Why is it important to understand my cycle?
Your menstrual cycle is controlled by hormonal changes which ultimately lead to the shedding of uterine lining each month, or roughly every 28 days if pregnancy does not occur. This shedding of the uterine wall, along with blood, refers to menstruation or “your period”. Menstruation lasts about 4 to 8 days on average and the cycle repeats every month. Some individuals have cycles which are longer or shorter than 28 days or they have irregular cycles.
The hormones which play a role in your menstrual cycle include:
Follicle-stimulating hormone (FSH)
Luteinizing hormone (LH)
There are 3 phases to your menstrual cycle:
Lasts about 13-14 days, starts on the first day of your period
Low estrogen and progesterone levels initially, but increase by the end of this phase
FSH begins to rise during this phase, but drops towards the end of the phase
Lasts 16-32 hours
High levels of FSH and LH
Estrogen levels decrease
Progesterone levels increase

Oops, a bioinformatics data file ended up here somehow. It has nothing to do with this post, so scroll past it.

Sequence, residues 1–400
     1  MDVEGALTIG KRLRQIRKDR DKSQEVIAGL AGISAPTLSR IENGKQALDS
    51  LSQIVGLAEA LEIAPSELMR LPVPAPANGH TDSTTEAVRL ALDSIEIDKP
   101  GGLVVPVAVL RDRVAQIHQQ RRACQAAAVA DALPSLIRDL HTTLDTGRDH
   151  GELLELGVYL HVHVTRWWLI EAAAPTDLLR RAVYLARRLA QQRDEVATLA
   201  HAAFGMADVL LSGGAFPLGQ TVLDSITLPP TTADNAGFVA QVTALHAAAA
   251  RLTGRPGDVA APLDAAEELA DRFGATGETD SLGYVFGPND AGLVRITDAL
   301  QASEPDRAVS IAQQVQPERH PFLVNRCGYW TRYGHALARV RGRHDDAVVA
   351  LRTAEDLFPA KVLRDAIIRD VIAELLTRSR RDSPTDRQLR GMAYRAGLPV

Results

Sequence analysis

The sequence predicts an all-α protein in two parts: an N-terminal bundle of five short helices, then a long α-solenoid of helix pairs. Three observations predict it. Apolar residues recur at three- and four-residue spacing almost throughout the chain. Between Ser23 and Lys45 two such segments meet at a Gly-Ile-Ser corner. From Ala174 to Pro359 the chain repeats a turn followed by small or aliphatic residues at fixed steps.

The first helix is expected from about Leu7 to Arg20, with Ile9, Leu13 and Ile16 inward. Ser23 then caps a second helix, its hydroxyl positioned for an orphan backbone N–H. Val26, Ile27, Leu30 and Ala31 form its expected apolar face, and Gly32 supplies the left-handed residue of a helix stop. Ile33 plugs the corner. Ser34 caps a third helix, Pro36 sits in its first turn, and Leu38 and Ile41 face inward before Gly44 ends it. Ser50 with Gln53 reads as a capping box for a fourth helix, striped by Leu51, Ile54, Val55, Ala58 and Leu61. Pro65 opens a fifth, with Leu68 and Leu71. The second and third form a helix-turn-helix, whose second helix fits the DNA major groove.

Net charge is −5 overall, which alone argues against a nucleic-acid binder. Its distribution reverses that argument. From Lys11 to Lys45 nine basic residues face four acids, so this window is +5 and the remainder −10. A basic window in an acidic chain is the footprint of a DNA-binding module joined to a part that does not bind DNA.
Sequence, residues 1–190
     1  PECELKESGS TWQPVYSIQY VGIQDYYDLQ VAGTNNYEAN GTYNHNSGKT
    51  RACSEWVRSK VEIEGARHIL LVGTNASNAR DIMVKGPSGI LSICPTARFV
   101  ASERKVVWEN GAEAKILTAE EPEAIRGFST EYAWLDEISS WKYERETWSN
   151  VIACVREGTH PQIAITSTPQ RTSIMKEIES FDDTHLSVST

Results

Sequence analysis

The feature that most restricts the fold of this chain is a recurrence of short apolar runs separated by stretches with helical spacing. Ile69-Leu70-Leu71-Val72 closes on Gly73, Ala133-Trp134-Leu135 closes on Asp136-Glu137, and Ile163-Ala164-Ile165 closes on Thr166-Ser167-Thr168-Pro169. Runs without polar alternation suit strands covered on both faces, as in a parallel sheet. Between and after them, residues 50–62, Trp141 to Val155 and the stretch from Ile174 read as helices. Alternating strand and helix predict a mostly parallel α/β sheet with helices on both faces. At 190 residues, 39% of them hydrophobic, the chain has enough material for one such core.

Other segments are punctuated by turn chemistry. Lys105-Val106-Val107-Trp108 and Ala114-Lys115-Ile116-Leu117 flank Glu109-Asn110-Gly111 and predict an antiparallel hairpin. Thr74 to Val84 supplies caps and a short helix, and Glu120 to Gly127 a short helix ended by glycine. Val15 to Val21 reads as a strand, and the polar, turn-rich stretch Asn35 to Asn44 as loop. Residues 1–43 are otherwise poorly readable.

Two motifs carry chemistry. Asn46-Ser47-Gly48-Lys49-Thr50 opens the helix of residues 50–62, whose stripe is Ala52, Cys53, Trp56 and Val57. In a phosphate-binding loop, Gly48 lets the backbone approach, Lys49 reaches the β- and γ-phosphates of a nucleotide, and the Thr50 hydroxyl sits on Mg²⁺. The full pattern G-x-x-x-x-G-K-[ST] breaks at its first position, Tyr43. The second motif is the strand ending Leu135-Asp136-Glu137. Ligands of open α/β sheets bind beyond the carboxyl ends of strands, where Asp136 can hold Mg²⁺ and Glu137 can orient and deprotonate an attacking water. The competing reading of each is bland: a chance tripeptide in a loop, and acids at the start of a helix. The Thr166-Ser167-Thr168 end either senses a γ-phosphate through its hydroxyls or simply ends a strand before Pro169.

Starts right after ovulation, lasts about 14 days or whenever your next monthly period starts unless you become pregnant
FSH and LH decrease
Estrogen levels are high
Once the egg is released, progesterone is produced
Why is it important to track my cycle?
This will help you determine if your periods are regular or irregular
Many individuals experience symptoms in their body which are linked to hormonal changes such as headaches, pelvic pain, cramping, or mood changes
If you can identify a pattern in your symptoms, you will be better equipped to manage these symptoms.
Understanding your cycle and when ovulation occurs is key to understanding when you are most likely to become pregnant if you are trying to conceive.
Pelvic floor Physical Therapy
If you are seeing a pelvic floor Physical Therapist for pelvic/abdominal pain symptoms and have noticed a pattern with your symptoms which could link to hormones and your menstrual cycle, share this information with your therapist.
The Physical Therapists at The Fit Pelvis will perform an evaluation with you on your first visit. During this time they will ask questions about your symptoms to help them better understand the nature of your concern. If you you have been tracking your symptoms and have noticed a pattern in your symptoms make sure to share this information. I